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Tear gas, violence and new laws are all being used to frighten Latin American protesters into giving up

January 3, 2018

It’s not just the clouds of tear gas, the ping of rubber bullets or the prospect of arrest under draconian new laws that Latin Americans have to consider when they take to the streets. With freedom of expression increasingly under threat, demonstrating in Caracas’ packed plazas, Rio de Janeiro’s hillside slums or Mexico’s rural towns can mean risking one’s life at the hands of oppressive and largely unrestrained security forces.

The socialist “pink tide” of the early 2000s has subsided in recent years, giving way to broad public anger at corruption and authoritarianism on all sides of the political spectrum. Latin American governments have responded by criminalising protesters and creating pretexts for violent crackdowns, and with 14 countries due to hold presidential elections in the next two years, observers fear this cycle of unrest and repression will continue.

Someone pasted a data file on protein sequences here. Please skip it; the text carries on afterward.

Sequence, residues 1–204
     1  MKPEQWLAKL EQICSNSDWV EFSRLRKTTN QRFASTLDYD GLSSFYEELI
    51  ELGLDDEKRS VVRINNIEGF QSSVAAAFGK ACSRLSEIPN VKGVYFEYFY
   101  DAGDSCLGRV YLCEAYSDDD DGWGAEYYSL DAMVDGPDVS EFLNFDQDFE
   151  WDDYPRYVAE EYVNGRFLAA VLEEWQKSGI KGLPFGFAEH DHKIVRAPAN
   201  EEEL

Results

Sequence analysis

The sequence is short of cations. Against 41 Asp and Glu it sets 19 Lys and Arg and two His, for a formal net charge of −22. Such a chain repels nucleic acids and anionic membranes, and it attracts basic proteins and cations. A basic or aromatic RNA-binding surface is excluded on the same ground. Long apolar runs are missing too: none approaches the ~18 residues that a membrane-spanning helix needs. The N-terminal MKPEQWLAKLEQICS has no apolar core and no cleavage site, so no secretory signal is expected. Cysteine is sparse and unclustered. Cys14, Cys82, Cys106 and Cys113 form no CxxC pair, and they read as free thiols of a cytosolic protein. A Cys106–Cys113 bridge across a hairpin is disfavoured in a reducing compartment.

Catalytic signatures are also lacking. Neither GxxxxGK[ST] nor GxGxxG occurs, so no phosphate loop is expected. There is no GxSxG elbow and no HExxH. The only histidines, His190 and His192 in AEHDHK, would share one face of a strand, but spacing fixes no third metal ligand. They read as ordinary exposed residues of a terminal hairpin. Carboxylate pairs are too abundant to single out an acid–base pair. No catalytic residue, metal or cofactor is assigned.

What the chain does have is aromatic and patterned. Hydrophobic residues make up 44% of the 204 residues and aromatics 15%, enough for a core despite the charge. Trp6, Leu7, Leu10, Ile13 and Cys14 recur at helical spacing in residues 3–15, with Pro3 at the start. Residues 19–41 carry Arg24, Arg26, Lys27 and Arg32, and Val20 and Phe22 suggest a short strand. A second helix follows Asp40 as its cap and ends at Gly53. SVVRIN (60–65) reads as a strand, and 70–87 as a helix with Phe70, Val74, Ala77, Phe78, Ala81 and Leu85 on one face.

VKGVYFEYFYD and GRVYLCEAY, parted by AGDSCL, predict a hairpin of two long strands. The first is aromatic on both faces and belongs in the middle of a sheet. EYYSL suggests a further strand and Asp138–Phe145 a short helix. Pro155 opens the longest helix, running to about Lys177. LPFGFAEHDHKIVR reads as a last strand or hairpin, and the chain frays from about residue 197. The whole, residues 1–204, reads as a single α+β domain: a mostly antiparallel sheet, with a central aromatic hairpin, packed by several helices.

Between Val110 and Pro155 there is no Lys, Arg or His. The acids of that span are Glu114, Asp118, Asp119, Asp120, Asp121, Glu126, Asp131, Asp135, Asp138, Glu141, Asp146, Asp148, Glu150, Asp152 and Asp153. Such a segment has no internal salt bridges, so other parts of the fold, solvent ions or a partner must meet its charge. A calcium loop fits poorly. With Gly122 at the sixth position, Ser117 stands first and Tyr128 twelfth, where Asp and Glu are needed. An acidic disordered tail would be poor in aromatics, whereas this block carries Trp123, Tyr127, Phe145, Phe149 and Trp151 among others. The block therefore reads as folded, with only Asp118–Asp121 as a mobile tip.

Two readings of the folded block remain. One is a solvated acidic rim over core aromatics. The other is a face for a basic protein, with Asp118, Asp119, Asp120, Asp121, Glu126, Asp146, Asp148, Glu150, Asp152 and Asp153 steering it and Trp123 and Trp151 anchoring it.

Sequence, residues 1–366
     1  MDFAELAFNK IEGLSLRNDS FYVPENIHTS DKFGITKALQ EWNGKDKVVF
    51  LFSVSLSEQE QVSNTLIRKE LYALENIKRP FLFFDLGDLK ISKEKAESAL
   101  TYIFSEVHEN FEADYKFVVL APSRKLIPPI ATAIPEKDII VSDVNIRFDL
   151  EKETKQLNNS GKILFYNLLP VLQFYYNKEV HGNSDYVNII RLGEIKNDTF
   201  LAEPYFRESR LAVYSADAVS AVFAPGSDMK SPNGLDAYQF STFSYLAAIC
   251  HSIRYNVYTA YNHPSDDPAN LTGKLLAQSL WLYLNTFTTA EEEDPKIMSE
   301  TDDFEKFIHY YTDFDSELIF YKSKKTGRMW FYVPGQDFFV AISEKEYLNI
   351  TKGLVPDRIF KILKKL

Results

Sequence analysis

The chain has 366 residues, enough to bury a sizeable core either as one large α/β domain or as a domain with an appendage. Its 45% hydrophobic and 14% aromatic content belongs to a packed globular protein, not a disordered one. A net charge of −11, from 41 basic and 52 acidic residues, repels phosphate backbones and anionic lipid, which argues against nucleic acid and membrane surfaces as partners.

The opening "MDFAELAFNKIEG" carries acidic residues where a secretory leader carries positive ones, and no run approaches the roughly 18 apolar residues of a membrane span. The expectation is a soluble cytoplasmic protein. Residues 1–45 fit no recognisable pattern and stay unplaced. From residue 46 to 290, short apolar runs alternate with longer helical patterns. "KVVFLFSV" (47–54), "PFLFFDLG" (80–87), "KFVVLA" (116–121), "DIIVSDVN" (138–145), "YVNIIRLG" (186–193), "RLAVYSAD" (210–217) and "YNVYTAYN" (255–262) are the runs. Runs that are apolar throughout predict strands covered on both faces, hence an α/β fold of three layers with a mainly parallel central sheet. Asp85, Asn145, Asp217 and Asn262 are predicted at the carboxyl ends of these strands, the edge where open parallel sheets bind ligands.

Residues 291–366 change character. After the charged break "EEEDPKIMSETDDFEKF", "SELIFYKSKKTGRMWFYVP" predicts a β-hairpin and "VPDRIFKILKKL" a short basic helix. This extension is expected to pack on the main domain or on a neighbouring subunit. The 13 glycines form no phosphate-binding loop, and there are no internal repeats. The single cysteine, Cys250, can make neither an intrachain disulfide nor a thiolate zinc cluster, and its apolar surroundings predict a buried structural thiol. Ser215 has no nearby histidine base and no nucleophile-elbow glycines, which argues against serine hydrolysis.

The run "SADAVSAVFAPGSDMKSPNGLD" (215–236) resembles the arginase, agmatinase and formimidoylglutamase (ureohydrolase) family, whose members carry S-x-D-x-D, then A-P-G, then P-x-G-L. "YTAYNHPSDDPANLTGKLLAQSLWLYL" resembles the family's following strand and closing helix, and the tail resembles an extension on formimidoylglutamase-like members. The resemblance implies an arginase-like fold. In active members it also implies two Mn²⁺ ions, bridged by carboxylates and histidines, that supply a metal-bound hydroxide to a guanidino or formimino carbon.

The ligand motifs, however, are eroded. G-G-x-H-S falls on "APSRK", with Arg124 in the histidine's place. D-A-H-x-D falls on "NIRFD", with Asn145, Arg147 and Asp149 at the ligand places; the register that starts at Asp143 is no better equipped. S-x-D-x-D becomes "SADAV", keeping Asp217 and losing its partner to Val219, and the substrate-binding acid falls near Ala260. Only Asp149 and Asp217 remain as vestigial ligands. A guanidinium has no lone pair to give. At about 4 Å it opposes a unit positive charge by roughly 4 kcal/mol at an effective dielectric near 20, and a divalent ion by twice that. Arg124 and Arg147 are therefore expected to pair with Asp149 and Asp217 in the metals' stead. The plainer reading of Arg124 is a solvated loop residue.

Luciana Pol, who coauthored the 2016 report “Latin American State Responses to Social Protest” at Argentina’s Centre for Legal and Social Studies (CELS), warns of the increasing use of legislation and judicial rulings to regulate the act of protest. She told Index that governments are trying to make protest legally and socially unacceptable by dictating under what terms it can take place and emphasising collateral damage to public spaces or free transit.

Pol also found that the worst state aggression is usually directed at those with the least political capital and the strongest motivations to protest: the environmental activists, human rights defenders and rural, indigenous, black or LGBT populations. “When demonstrations involve the middle classes we often see less repression,” she observed. “When they’re sectors that have been marginalised for decades the repression is much stronger.”

These trends are particularly pronounced in Venezuela, Brazil and Mexico, three of the region’s most politically and economically influential countries, where rampant violence, corruption and inequality are set to shape their respective elections in 2018…

Click here to read this feature in full at Index on Censorship (subscription required for full access)

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